The site features ceremonial, residential, and weapon storage areas. Up to 3,000 people were thought to live at Kuelap at its height.

Unmanaged tourism hinders its fragile state, and further erosion occurs because of extreme weather conditions.


Where Can I Find Chachapoya Culture Ruins?

There are hundreds of Chachapoya culture ruins across the former territory.

Laguna de Los Cóndores: This site, perched on a ledge 100 metres above the lake, went untouched for more than 500 years. More than 200 mummies were found, with six of the chullpas intact and all face Llactacocha. These sites are a 10-12 hour mule ride from Leymebamba. Visitors were impossible to control and often took souvenirs from the site.

Llaqtacocha translates as ‘town on the lake’ and features 130 settlements and associated burial chullpas. Sadly, roaming cattle have reduced many walls in a place that boasted an elaborate drainage network.

La Petaca-Diablo Wasi: Elaborate-constructed chullpas, covered in red pictographs, gaze over the San Miguel de Malpaso stream between Leymebamba and Atuén. Some mummies were enclosed in natural caves, while cantilever balconies front some tombs. These seemingly impossible to reach tombs have been raided — the Chachapoya people probably used ropes or ladders for access.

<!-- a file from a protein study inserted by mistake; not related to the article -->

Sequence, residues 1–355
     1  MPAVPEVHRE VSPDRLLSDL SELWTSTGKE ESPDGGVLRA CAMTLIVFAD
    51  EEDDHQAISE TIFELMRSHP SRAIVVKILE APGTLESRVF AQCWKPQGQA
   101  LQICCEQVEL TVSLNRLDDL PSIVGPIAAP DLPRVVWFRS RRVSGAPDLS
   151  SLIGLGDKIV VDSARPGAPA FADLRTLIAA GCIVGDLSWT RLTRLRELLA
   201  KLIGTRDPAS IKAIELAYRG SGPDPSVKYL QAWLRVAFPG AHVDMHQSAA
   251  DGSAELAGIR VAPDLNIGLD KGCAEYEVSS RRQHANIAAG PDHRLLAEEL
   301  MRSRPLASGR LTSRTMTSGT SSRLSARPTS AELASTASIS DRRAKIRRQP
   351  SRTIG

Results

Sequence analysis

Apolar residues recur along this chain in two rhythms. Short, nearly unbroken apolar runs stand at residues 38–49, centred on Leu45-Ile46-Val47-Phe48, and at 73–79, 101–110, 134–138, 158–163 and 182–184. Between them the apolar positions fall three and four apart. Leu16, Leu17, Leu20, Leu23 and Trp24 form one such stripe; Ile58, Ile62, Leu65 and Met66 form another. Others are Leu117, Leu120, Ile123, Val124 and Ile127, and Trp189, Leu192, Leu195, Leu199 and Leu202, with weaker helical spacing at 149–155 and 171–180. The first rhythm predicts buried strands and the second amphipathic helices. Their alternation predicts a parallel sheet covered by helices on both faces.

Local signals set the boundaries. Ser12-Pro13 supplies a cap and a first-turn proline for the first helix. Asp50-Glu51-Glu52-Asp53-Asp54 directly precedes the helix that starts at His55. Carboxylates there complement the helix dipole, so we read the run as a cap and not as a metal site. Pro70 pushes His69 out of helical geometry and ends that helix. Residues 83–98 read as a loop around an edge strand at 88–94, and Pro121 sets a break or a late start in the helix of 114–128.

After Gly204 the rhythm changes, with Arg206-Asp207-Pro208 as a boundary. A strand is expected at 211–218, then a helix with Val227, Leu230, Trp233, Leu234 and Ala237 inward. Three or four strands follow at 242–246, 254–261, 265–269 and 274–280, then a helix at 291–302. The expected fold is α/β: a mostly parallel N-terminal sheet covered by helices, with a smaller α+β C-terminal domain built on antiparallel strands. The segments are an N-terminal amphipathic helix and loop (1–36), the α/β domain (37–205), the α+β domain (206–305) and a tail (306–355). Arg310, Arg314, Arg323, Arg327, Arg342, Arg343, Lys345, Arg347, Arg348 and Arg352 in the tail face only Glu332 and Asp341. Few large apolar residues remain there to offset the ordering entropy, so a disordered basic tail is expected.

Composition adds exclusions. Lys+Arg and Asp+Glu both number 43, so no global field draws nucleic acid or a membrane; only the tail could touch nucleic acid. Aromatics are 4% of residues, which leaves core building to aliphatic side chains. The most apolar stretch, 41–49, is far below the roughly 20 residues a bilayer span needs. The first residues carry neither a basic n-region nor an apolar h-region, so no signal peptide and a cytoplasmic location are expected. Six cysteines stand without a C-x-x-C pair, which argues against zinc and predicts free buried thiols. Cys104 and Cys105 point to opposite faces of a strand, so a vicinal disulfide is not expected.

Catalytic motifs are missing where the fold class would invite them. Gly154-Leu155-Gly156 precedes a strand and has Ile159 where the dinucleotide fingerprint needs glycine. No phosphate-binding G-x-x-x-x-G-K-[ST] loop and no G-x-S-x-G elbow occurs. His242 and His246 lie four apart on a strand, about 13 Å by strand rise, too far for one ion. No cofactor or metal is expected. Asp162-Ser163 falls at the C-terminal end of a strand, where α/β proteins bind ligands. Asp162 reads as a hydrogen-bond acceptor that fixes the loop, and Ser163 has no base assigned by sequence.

diablo-huasi-north peru

Gran Pajatén (Abiseo): Gran Pajatén sits on a ridge high above the Montecristo river, connected to other sites by a network of pre-Hispanic roads. It featured 26 buildings and agricultural terraces and was occupied from around 200 BC.

Vira Vira, which overlooks Laguna Huayabamba, features some of the most significant Chachapoya circular structures among its 200 buildings, some up to 14 metres in diameter.

La Congona is an ancient settlement, famed for the variety of its friezes in its northern and southern sectors.

How Can I Find Out More about Chachapoya Culture?

The Centro Mallqui research centre operates as the research and management arm for the Chachapoya region. Centro Mallqui also runs the Leymebamba Museum in Chachapoyas.

The museum is home to mummies recovered from Laguna de Los Cóndores, and a visit is highly recommended.

How Do I Travel to Chachapoyas?

There are no direct flights to Chachapoyas.

Many people fly Lima-Cajamarca and take a bus via Celendín or a private transfer to Chachapoyas. Alternatively, people fly or bus Lima-Tarapoto then take a colectivo, taxi, or private transfer to Chachapoyas.

Some several daily buses and colectivos connect Chachapoyas and Leymebamba.

How Can I Find Out More about Chachapoya Culture?

The best way to learn more about these fascinating cloud people is to visit the beautiful region of Peru they called home. Not many people make the effort to travel to these remote corners; Kuelap is a stunning sight, and you’ll often have the ruins to yourself.

Alternatively, read this excellent, in-depth study written for Leymebamba Museum.

We have two fantastic trips which serve as guidelines to what is possible. Our Chachapoyas trek is a walk through the ancient past, visiting Chachapoya burial sites and settlements while walking through beautiful Andean scenery. Other adventurers love to combine the stunning Gocta waterfall with Kuelap from a comfy hotel base set into the forest.

Contact us for more about Chachapoya culture.